No Man's Land

No Man's Land

4.0 5
by G. M. Ford

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The accolades keep rolling in for G.M. Ford, whose gritty, explosive, lightning-fast brand of thriller has placed him in the upper ranks of contemporary crime fiction authors. Now, in his most relentlessly exciting novel to date, Ford's dark and complex protagonist, Frank Corso, finds himself drawn into a bizarre carnival of blood and death in the last place any

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The accolades keep rolling in for G.M. Ford, whose gritty, explosive, lightning-fast brand of thriller has placed him in the upper ranks of contemporary crime fiction authors. Now, in his most relentlessly exciting novel to date, Ford's dark and complex protagonist, Frank Corso, finds himself drawn into a bizarre carnival of blood and death in the last place any sane person would willingly go ...

No Man's Land

Arizona's Meza Azul penitentiary is the pride of the state's newly privatized penal system — a modern technological wonder, unassailable and inescapable, built to hold the worst of the worst. Yet, inconceivably, one prisoner has managed to breach the foolproof security, set loose the other inmates, and take control of the facility — holding more than one hundred guards and workers hostage. And one hostage will die every six hours until Timothy Driver gets what he wants: Frank Corso.

A rogue journalist and confirmed lone wolf, Corso wrote a bestselling book about the former U.S. Navy submarine commander who was convicted of slaughtering his wife and her lover in a jealous fury. Now, unwilling to be responsible for the death of innocents, Corso allows himself to be delivered into the bowels of Meza Azul — and into the hands of a crazed hero turned criminal.

But Captain Driver wants more than the ear of a once-sympathetic writer who will tell his final story tough and truthfully. Accompanied by a cold-blooded hayseed murder machine named "Cutter" Kehoe, and with Corso in tow, Driver pulls off a brilliant and undetected escape, right under the noses of armed government troops as they storm the captured prison. Suddenly a helpless spectator along for the ride on a maniacal cross-country killing spree — with a tragic and beautiful TV journalist doggedly pursuing the story, heading inexorably into harm's way — Corso finds himself in no man's land.

If he's lucky, Frank Corso may get one slim chance to escape the clutches of a psychopathic duo determined to go out in a blaze of blood and terror. But if he's not, his own story — and too many others — will end abruptly and brutally.

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Editorial Reviews

Publishers Weekly
When Timothy Driver, who's serving life without parole in Meza Azul, America's most escape-proof prison, seizes control of the place and demands that Seattle true-crime writer Frank Corso come to Arizona to negotiate for the lives of 163 hostages, most sensible people would see it as an offer they can refuse-but not Corso, who's written a book about Driver. Ford seems so intent on separating his suspense novels about Corso (this is the fifth, after 2004's Red Tide) from his lighter series about Seattle PI Leo Waterman that he darkens the environment and ups the danger ante to a grippingly readable but somewhat less-than-reasonable level. True, Corso does make a point of reassuring a doubtful Coast Guard officer sent to tell him about the demand, "Driver doesn't want to kill me. He wants to make sure his story gets told," but the officer (and the reader) don't believe that for a minute-especially when we know that Driver's accomplice in the takeover is a brutal biker, Cutter Kehoe. Driver and Kehoe are frighteningly fascinating in their actions and thoughts, and there's also a touchingly believable reality-show TV star, Melanie Harris, who sees the story as a way to boost her sagging ratings. Agent, Lisa Erbach Vance at Aaron M. Priest. (July 1) Copyright 2005 Reed Business Information.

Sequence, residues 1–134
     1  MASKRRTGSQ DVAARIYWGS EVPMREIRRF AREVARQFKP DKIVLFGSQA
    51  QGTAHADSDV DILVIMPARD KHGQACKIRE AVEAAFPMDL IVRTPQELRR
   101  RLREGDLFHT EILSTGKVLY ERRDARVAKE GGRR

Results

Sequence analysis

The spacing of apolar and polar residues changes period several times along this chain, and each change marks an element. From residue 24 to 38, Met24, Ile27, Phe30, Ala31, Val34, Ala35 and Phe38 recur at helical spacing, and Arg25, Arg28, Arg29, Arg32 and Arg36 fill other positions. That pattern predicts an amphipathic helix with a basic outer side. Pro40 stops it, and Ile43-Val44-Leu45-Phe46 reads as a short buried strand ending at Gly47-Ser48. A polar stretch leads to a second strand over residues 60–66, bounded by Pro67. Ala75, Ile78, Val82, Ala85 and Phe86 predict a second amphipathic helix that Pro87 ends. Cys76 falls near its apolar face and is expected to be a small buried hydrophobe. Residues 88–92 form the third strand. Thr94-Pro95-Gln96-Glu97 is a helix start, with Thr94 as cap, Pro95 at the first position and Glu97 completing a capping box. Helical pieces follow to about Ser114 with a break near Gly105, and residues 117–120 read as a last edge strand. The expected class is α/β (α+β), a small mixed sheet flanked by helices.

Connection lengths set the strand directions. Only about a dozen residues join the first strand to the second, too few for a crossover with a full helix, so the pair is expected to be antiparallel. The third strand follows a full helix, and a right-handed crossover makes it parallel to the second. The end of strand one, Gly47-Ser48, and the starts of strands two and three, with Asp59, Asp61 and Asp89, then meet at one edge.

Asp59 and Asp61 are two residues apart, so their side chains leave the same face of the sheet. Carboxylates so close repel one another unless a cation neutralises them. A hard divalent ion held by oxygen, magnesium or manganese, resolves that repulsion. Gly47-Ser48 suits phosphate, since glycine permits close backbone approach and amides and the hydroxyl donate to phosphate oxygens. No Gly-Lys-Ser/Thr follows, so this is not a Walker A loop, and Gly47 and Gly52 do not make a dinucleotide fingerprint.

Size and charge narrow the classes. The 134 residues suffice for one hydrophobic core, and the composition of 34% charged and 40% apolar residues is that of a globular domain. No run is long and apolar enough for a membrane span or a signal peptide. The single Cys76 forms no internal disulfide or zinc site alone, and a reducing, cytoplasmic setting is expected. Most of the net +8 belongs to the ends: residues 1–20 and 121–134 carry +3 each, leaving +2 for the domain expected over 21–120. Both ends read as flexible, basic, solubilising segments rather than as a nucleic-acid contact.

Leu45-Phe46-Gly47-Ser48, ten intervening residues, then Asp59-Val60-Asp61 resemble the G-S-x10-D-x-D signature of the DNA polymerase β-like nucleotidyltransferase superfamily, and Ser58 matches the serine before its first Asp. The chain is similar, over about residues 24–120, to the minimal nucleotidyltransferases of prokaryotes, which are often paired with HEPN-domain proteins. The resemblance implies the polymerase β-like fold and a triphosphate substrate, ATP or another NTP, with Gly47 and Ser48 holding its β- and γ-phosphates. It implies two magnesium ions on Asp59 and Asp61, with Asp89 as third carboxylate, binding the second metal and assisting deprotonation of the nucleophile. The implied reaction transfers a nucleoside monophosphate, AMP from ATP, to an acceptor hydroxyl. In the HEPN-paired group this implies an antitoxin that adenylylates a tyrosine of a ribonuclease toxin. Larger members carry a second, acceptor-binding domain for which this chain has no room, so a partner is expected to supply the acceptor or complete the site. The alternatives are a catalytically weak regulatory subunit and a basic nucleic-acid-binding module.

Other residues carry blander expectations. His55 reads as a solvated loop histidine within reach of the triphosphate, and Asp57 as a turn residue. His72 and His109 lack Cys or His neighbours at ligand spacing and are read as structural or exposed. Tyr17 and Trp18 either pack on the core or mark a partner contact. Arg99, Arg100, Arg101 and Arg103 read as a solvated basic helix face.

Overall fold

Library Journal
Reporter Frank Corso is back, landing in the midst of a desperate hostage situation. Ford, author of the Leo Waterman mysteries, lives in Seattle. Copyright 2005 Reed Business Information.
Kirkus Reviews
A prison inmate has taken hostages, 163 of them, and he'll kill one every six hours until he is granted a meeting with crime writer Frank Corso. It's not easy to bring Corso (protagonist of A Blind Eye, 2003, etc.) to the scene of the crime. He's on the Saltheart, his boat, in Seattle's Garrison Bay when the Coast Guard finally tracks him down to inform him of his command performance. Though Corso likes thumbing his nose at command performances, his inner Galahad wins out. Soon, he's on his way to Meza Azul, the Arizona maximum security facility where former Navy Captain Timothy Driver holds his vigil, having already executed one prison guard. Corso and Driver have a history. Several years earlier, Corso, a true-crime writer of note, had published a sympathetic bestseller about Driver. Though it's true Driver had shot his wife and her lover to death, Corso presented him as a decent man savaged by betrayal. Is more sympathy what's wanted here? Corso wonders. Before he can nail down the answer, he becomes a hostage himself as the prison break explodes. Now what Corso must decide-his life will depend on it-is how much of the decent man survives in the stone killer. Another seamless performance from the accomplished Ford, whose list of winners has grown long enough to place him among the first-stringers.

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HarperCollins Publishers
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Meet the Author

G.M. Ford is the author of six widely praised Frank Corso novels, Fury, Black River, A Blind Eye, Red Tide, No Man's Land, and Blown Away, as well as six highly acclaimed mysteries featuring Seattle private investigator Leo Waterman. A former creative writing teacher in western Washington, Ford lives in Oregon and is currently working on his next novel.